The recent move by Central Bank of Kenya to introduce the new generation currency notes and withdraw the older Sh1,000 from circulation by October 2019 has once again shone a spotlight on the grave subject of the illicit economy and the various avenues in which it thrives to support many criminal activities.
Even as we debate the short and long-term implications of this change in currency as a country, industry sees it as a disruptor that is likely to curtail the prevalence of the illicit economy by making it especially difficult for counterfeiters, producers of substandard goods, and those trading in uncustomed goods to circulate them in the local market.
Additionally, monies that are presently hoarded and funnelled into funding illicit economic activities will likely be redirected into the formal banking and lending structures to finance the production of real goods and services.
In the wake of increased trading within the continent due to the African Continental Free Trade Area (AfCFTA) coming into effect, it is paramount that we take all the fundamental steps to ensure that we weaken existing illicit trade networks. The Organisation for Economic Co-operation and Development (OECD) estimates that EAC governments lose over $500 million (Sh50 billion) in tax revenue annually due to the counterfeited products and pirated goods.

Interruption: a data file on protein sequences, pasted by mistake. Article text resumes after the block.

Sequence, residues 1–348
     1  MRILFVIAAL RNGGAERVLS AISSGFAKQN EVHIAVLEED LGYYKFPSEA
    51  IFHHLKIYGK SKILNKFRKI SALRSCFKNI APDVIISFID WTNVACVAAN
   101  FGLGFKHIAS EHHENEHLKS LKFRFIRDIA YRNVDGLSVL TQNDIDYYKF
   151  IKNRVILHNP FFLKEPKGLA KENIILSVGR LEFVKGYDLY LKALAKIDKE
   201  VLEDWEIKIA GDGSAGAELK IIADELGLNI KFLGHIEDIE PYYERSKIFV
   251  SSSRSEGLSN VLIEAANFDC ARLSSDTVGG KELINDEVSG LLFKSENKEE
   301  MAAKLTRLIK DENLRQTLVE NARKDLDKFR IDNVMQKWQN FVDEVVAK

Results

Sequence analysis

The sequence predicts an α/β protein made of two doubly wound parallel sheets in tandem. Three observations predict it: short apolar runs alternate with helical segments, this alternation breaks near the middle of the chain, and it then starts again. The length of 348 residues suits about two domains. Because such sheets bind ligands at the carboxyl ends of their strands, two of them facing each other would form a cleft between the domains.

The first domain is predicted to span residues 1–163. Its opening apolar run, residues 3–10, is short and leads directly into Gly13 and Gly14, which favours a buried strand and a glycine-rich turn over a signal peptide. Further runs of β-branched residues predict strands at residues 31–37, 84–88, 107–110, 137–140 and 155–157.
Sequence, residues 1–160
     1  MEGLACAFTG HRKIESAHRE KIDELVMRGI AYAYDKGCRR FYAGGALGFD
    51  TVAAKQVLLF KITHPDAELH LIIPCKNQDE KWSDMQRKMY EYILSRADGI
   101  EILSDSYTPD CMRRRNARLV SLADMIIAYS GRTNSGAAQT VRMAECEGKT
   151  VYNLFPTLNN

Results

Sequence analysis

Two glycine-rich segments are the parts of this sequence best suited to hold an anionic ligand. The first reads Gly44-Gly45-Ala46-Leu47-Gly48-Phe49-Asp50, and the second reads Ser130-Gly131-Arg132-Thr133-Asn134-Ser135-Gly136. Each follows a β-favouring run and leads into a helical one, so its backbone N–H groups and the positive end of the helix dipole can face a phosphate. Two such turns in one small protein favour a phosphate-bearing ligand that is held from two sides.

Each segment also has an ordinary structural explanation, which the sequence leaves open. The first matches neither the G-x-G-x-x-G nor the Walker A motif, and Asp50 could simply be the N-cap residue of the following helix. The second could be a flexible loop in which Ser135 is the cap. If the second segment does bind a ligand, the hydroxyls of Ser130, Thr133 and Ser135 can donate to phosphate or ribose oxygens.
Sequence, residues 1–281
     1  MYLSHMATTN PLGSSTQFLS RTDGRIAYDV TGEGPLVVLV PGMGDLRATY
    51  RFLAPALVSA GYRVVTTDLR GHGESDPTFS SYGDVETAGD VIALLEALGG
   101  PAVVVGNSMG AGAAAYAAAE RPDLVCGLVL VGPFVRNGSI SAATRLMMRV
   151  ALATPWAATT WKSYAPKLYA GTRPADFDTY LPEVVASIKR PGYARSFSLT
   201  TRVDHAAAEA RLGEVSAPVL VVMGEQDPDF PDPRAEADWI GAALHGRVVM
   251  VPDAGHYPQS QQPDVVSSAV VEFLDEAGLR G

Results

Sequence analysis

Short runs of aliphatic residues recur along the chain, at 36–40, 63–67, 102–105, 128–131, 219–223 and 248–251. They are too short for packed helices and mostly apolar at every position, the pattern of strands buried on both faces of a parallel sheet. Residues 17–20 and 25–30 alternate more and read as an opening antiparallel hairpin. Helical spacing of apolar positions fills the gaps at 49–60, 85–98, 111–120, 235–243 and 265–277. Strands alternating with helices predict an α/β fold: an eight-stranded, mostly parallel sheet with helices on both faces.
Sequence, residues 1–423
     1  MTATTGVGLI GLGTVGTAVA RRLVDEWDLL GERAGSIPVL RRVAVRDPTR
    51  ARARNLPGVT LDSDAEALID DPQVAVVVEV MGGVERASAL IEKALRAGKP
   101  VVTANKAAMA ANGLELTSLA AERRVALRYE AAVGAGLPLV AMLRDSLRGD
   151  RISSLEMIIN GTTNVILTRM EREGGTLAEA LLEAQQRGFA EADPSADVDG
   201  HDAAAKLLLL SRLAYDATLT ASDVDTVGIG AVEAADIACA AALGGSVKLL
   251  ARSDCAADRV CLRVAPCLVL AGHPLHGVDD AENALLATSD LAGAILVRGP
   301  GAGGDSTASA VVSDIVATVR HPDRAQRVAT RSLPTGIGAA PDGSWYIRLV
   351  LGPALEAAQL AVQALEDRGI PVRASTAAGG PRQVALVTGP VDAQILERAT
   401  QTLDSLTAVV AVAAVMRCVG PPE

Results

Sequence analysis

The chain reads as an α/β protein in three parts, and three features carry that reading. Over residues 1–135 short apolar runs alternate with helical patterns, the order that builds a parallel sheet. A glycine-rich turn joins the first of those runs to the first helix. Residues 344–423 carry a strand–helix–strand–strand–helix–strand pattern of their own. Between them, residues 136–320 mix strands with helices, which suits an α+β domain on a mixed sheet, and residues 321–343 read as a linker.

Counterfeit is the most prevalent form of the illicit trade in Kenya. Just last week, President Uhuru Kenyatta, during his inspection of the Inland Container Depot in Embakasi, remarked that indeed the multi-agency task force had uncovered illicit trade schemes that have been plaguing the local markets by circulating uncustomed goods. Illicit trade undermines national and regional security, destabilises economies, increases the cost of public health, sabotages tourism, stunts innovation, and offers a haven to organised crime and trafficking. Organised crime has a close correlation to illicit trade. As a matter of fact, transnational organized crime is essentially anchored on illicit trade. This economic sabotage is felt at every level of society from start-ups to multinationals.
It is important to note that no single entity can effectively enforce anti-counterfeiting measures within and across national boundaries. It was therefore quite encouraging when the Multi-Agency force was set up in 2018 and since then, notable progress in this endeavour has been made.
As the umbrella organisation for manufacturers in Kenya, we are even more encouraged with recent amendments to the Anti-Counterfeit Act, 2008, the legislation being the bedrock on which law enforcement can launch their offensive, and aid in increasing the success rate of action taken by law enforcement authorities.
The amendments to the Act underscore the government’s commitment to fighting illicit trade and promote bona fide manufacturers and intellectual property owners in line with the Big Four Agenda.
In the alcohol beverage industry alone, we still have more than 50 percent of the alcohol consumed in Kenya described as illicit. It is incumbent upon us as citizens, stakeholders and partners in our nation’s development to meet this challenge head-on, sure-footed with conviction and clarity. For left alone to fester, illicit trade is a threat to our nationhood.
The writer is Chairman, Kenya Association of Manufacturers and vice chair, Comesa Business Council.